Wednesday, Dec 13, 2017
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Public hearing set for Ten Mile Creek modification project

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The Ten Mile Creek running through Highland Meadows runs like a raging river due to several days of rain.

The Blade/Dave Zapotosky
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A project to dredge and clear debris from part of Ten Mile Creek and “enhance” both its floodwater retention and its ecological habitat will be the subject of a public hearing Tuesday afternoon in Toledo.

As part of the stream modifications planned by the Lucas County Engineer’s Office, an embankment mound is to be built along the creek’s south bank to support a future extension of the University/Parks Trail between Silica and Centennial roads.

The trail’s current western terminus is at King Road. An extension along former railroad right-of-way between King and Silica is currently under design. Its planning and construction are expected to cost about $285,000, including a $214,000 Clean Ohio Trails Fund grant.

The Ten Mile Creek project involves about 1.64 miles of the creek from a point about 650 feet west of Herr Road to a point about 1,400 feet south of Sylvania Avenue, all in Sylvania Township. Work will include ditch construction to create flatter side banks and benches to expand its capacity for retaining flood water.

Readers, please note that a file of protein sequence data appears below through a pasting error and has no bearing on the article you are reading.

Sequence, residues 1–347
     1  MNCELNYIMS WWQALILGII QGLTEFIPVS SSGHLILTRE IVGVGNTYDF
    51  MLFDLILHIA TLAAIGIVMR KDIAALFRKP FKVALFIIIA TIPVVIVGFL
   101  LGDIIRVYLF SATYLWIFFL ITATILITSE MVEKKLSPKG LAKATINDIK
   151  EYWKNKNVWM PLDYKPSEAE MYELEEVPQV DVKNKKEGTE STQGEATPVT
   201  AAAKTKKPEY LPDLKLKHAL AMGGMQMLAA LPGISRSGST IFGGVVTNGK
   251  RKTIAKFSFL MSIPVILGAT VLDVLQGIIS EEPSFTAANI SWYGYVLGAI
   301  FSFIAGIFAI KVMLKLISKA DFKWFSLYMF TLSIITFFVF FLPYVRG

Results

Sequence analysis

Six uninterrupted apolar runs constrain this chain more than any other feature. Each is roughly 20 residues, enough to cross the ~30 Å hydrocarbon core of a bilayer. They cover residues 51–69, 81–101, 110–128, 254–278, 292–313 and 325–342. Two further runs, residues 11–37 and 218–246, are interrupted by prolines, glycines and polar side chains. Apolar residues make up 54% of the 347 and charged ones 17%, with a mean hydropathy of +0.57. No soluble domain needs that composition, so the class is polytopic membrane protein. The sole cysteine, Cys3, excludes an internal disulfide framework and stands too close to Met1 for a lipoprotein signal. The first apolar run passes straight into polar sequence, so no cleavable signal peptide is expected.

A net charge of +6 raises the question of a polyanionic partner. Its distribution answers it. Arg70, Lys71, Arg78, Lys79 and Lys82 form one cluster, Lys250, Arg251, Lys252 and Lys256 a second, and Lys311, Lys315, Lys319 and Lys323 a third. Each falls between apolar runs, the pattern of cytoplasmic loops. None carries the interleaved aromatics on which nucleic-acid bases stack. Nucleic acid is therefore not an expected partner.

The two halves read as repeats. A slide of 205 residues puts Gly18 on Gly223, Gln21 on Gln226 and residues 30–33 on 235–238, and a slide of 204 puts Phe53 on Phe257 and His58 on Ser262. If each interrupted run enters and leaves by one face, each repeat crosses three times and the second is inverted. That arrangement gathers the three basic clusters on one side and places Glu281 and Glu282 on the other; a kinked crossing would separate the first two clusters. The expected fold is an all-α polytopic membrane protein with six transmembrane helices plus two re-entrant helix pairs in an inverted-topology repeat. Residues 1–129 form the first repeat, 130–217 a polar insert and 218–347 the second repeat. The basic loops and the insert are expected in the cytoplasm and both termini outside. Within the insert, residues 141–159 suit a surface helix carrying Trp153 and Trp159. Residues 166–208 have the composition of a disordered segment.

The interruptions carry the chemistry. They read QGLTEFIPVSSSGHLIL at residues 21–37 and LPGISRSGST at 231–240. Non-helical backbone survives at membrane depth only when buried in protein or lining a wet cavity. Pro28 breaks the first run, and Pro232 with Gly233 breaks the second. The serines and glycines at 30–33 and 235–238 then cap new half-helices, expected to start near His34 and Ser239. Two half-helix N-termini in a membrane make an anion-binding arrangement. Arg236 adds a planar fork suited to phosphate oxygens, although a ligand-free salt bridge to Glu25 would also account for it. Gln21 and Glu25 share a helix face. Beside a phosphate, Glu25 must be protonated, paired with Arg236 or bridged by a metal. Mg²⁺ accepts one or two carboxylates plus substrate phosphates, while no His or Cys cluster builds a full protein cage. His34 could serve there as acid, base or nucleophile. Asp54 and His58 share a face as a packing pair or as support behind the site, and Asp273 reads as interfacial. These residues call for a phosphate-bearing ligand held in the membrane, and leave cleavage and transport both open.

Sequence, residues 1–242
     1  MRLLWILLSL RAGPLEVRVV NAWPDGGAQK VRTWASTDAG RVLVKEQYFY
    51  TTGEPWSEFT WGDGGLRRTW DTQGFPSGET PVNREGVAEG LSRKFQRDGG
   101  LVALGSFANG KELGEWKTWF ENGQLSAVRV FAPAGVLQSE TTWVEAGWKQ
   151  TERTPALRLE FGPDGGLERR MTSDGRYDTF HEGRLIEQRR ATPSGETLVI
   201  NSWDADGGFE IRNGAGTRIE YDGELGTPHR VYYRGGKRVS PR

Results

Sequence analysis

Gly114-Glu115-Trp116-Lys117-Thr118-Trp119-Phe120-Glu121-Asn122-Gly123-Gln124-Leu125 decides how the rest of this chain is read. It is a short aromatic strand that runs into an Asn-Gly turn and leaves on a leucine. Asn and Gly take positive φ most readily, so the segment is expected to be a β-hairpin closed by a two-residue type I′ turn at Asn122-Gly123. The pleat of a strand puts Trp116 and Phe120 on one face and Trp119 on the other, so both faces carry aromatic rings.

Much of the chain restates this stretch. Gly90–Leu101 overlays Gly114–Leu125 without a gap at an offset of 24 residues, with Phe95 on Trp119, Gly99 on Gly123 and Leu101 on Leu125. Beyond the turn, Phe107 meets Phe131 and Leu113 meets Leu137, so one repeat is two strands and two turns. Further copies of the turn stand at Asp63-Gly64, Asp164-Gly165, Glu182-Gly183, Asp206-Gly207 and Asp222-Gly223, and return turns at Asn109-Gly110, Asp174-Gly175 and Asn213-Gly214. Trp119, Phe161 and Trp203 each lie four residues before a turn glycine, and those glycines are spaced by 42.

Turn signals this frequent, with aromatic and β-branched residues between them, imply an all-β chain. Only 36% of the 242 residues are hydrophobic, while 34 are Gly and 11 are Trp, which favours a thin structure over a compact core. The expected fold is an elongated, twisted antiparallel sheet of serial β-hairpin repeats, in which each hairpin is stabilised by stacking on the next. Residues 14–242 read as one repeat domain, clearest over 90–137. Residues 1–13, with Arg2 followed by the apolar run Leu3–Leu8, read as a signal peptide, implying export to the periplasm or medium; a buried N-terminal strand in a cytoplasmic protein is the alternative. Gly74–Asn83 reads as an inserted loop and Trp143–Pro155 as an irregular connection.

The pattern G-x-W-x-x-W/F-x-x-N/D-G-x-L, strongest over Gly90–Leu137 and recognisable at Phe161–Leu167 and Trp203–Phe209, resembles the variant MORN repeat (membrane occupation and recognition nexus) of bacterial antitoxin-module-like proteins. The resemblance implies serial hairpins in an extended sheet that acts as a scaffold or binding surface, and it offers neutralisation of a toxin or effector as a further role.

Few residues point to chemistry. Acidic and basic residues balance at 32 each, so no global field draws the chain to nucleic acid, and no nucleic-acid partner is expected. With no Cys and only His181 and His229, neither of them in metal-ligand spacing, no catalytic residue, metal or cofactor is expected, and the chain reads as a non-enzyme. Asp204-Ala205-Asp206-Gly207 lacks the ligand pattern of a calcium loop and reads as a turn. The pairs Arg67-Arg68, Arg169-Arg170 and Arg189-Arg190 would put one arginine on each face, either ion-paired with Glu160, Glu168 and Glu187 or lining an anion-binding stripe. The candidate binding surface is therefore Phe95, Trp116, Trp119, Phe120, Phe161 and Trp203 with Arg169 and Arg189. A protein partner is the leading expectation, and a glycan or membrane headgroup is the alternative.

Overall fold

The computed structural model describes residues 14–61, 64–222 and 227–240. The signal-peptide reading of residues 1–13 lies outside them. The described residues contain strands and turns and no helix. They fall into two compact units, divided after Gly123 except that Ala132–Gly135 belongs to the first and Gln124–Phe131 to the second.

Vernal pools and rock riffles will be added as needed to create habitat for fish and other stream life, according to a statement from the engineer’s office, while the floodwater retention will alter nearby flood-plain mapping so as to remove 20 houses and 10 businesses from the official hazard area for 100-year floods. A 100-year flood is one that occurs, on average, once every 100 years.

The project also aims to reduce sediment and phosphorus loads in the creek, a tributary to the Ottawa River. The river flows into Lake Erie’s western basin. Phosphorus from agricultural fertilizer is a nutrient for toxic algal blooms that have plagued the lake’s western end during recent summers.

The public hearing is scheduled for 2 p.m. in the Board of County Commissioners’ assembly room at One Government Center in downtown Toledo.

Ronald Myers, the county’s traffic operations engineer, said all adjoining property owners have been notified about the hearing.

“I’m not aware that this office has received any objections from adjacent project owners,” which are all businesses, Mr. Myers said.

Copies of project-related documents are on file in the county engineer’s office at 1049 S. McCord Rd., Holland, and may be inspected during that agency’s normal business hours of 7:30 a.m. to 4 p.m. on weekdays.

Contact David Patch at dpatch@theblade.com or 419-724-6094.

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